The other two considerations I have regarding this book is Decker's view of human sexuality, and that includes human/android intercourse, for a culture that speaks of empathy sex is as mechanical as the named sheep in the title. There is so little true emotion that Decker's wife needs to program depression in order to feel. The other really interesting question is reality.. does Mercer really exist? Is Decker really Mercer? a metaphor for all of us pushing Sisyphus's rock up the hill being all of us so separate from love, passion, and true empathy.. we are supposed to feel connected to humanity by observing this man's suffering? his cross on the way to crucifiction, only to roll down again.. no hope, or as Kerouac said
What a surprise after loving the film for years to find out in the first page that Deckard is married. A very funny interaction between him and his wife though. Some other differences between the film which is normal for most films made from books.
I enjoyed the book although I must say the movie still holds the most impact for me.
This novel and the film adaptation differ enough that it's probably not even fair comparing them directly. Fortunately, Ridley Scott and his screenwriters had the good sense to leave the silliness about obsessions with having a more interesting pet than the neighbors behind when creating the movie. Normally I love Scott Brick's narration, but he misses the mark here, sometimes reading in a style that's so painfully slow it seems to strip the characters of emotion. I found myself mentally begging him to speed up. Not overly long; I recommend it only for fans of the movie who would like to round out their knowledge of the film with exposure to the source material.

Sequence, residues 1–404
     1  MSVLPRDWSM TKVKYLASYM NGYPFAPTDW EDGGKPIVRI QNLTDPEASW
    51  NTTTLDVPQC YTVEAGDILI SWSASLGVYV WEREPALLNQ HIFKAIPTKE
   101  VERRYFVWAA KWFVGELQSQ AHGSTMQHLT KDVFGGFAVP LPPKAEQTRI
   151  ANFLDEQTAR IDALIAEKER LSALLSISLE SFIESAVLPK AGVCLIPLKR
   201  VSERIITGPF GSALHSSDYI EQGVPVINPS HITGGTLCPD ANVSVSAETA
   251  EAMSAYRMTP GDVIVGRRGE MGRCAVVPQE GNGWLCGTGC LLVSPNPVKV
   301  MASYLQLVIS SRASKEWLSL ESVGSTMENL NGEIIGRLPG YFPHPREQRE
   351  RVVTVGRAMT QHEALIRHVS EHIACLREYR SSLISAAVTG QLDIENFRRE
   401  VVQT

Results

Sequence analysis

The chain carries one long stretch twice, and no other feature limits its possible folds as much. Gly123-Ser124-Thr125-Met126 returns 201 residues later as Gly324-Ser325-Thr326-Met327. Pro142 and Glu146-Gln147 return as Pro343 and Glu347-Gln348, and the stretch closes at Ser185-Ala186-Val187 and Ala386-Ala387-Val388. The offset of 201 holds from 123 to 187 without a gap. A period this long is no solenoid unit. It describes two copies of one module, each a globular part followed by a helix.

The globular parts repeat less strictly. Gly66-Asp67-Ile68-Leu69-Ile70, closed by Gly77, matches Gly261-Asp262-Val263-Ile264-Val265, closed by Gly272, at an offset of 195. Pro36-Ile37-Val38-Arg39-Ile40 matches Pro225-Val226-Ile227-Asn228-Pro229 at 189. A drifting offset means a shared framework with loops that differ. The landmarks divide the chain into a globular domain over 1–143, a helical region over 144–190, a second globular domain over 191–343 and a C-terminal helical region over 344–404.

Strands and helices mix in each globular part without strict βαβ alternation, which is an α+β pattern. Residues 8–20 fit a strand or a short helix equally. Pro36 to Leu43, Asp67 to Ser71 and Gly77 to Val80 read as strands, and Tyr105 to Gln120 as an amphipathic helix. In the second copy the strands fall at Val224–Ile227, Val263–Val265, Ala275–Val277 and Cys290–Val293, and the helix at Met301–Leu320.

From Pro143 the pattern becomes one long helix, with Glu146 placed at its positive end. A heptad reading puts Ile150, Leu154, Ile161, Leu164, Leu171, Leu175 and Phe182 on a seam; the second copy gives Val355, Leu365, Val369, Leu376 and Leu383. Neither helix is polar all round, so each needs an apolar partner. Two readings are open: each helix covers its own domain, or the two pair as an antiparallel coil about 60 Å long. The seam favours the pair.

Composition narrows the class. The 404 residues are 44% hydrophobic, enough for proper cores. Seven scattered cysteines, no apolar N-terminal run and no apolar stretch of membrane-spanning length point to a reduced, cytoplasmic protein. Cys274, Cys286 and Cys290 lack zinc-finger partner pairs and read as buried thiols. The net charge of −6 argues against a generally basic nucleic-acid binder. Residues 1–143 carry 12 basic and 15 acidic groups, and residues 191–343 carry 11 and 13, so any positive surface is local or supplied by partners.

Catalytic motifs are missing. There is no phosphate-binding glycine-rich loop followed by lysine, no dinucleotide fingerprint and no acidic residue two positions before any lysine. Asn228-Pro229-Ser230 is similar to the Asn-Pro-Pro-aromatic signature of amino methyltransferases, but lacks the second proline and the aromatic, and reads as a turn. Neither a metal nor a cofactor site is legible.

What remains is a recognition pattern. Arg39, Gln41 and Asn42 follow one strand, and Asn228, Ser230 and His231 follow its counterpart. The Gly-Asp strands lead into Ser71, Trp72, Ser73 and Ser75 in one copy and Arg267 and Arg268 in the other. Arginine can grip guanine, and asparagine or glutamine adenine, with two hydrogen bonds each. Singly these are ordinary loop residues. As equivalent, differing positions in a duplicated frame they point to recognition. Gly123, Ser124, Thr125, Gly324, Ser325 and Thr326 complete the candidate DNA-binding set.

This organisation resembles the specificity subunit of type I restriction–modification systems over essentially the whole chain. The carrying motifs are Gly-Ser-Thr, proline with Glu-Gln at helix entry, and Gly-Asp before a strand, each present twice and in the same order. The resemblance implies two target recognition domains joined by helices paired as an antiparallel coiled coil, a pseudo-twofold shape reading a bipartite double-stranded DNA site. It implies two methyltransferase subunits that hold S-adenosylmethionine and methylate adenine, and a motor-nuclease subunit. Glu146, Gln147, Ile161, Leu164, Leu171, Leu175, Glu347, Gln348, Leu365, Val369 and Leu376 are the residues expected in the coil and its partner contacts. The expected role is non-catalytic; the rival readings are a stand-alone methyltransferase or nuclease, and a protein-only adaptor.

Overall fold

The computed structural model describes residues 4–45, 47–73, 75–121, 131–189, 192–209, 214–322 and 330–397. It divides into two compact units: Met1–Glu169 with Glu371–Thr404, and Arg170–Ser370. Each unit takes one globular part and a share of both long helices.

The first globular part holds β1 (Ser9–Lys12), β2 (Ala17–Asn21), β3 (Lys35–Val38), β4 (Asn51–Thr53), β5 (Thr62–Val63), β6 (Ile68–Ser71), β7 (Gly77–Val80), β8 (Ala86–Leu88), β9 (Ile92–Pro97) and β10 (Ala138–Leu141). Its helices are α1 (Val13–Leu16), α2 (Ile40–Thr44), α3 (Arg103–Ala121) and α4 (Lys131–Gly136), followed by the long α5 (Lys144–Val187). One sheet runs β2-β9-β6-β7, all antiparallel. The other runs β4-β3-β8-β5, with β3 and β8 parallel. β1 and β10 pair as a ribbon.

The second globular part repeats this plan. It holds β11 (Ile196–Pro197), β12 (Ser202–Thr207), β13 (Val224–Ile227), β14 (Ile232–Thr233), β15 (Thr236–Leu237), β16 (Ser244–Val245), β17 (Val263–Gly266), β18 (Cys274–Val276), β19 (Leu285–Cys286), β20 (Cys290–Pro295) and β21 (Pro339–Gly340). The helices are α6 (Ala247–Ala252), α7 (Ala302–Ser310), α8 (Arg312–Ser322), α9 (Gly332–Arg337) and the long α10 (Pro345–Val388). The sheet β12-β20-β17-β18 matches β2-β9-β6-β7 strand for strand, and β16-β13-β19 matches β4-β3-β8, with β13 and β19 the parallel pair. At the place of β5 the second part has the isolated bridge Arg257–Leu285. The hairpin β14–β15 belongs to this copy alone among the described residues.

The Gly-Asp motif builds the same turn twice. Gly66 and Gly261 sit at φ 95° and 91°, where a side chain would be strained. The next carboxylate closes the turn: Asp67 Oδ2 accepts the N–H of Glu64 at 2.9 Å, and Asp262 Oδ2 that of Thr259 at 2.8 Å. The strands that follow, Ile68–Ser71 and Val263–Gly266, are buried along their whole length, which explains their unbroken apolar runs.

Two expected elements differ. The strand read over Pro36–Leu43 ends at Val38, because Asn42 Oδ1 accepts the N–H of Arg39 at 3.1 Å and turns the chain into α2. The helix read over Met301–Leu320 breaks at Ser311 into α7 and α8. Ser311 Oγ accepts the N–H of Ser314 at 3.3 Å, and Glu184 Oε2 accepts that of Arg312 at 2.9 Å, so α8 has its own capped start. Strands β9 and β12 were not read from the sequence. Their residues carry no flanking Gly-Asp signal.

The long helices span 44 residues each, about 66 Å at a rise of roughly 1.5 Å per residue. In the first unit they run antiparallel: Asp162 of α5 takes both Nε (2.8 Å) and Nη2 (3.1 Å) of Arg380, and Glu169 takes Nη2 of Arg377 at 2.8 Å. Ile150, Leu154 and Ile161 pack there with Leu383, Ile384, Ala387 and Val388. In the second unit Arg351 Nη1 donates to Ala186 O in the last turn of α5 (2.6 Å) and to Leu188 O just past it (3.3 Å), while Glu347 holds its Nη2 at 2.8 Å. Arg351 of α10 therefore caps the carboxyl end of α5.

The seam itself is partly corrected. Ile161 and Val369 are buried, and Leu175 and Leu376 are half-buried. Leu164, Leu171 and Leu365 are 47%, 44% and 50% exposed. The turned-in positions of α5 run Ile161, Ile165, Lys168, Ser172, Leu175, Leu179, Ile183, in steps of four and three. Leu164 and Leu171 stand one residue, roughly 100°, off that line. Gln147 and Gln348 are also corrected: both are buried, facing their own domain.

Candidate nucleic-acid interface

The narrator, Scott Brick, is horrendous. Completely unlistenable. I had to re-buy the book as Kindle download. The narration is pompous, delivering even the most mundane line as if it were profound. I guess Brick is trying to give a "tough guy" delivery, like Humphrey Bogart in the Maltese Falcon, but boy IT IS BAD!!! Read this great book. Do not listen to it read by Scott Brick.
What was I thinking? Every time I read something by PKD I vow never to read him again. But then my memory is erased, and I repeat my mistake.
This is however by far the worst. So poorly written I actually found myself winding through certain sections. Scott Brick, normally an excellent reader, seems completely at sea as the author rambles hopelessly, producing badly-constructed sentences and revealing an utter ineptitude when it comes to character and plot.
The movies are always so much better than PKD's feeble scribble (e.g. Total Recall; Minority Report). I was hugely relieved when this dull experience was over.